The 49ers offense is like Taco Bell. Just as Taco Bell can take the same five ingredients and package them as five different meals, the 49ers can send out these same five players and package them in five completely different ways. Christian McCaffrey is a running back who can line up and win a one-on-one at wide receiver. Deebo Samuel is a wide receiver who can take handoffs out of the backfield. Kyle Juszczyk is a fullback who can make toe-tap catches 25 yards down the sideline. Brandon Aiyuk is a wildly athletic wide receiver with incredible route-running technique who can crush blocks in the run game, and tight end George Kittle blocks like a tackle but is faster than some receivers. The result is that opposing defenses have to choose whom they will lose to each play rather than simply trying to win.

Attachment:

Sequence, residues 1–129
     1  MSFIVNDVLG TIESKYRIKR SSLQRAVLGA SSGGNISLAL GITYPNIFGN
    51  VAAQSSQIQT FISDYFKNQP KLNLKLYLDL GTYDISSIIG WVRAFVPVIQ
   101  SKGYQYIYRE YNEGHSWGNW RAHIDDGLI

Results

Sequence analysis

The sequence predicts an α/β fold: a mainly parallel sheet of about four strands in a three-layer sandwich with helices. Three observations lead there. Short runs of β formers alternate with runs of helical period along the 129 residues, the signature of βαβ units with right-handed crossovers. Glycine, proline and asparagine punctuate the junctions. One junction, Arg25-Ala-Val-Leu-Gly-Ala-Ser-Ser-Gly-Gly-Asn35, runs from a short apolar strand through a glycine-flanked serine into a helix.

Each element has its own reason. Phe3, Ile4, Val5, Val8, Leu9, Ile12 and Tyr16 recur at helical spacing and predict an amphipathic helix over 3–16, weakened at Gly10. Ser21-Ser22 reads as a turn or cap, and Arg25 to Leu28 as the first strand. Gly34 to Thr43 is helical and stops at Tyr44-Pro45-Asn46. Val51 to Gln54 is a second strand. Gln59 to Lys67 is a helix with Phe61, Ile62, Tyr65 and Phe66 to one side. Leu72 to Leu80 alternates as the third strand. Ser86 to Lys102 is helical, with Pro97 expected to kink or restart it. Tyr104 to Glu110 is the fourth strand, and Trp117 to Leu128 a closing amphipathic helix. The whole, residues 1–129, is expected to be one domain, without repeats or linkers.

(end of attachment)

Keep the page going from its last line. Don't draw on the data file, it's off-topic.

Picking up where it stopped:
The 49ers’ skill-position group trumps any other positional group in this Super Bowl because of those matchup challenges. Put three linebackers on the field, and they’re defending McCaffrey, Kittle, and Juszczyk. Put five defensive backs on the field, and you’ve got the NFL’s best all-around tight end and the first-team All-Pro fullback matched up against a slot cornerback. There is a reason this offense is so difficult to stop.

49ers wide receiver Jauan Jennings was the highest-graded blocker on zone run plays of the 187 wide receivers this season to block on a minimum of 30 run plays. Aiyuk ranked third. Out of the 109 tight ends with 30 run-blocking snaps on zone runs, Kittle ranks fifth. San Francisco’s run game is so dominant because these guys block their butts off.

2. Chiefs Secondary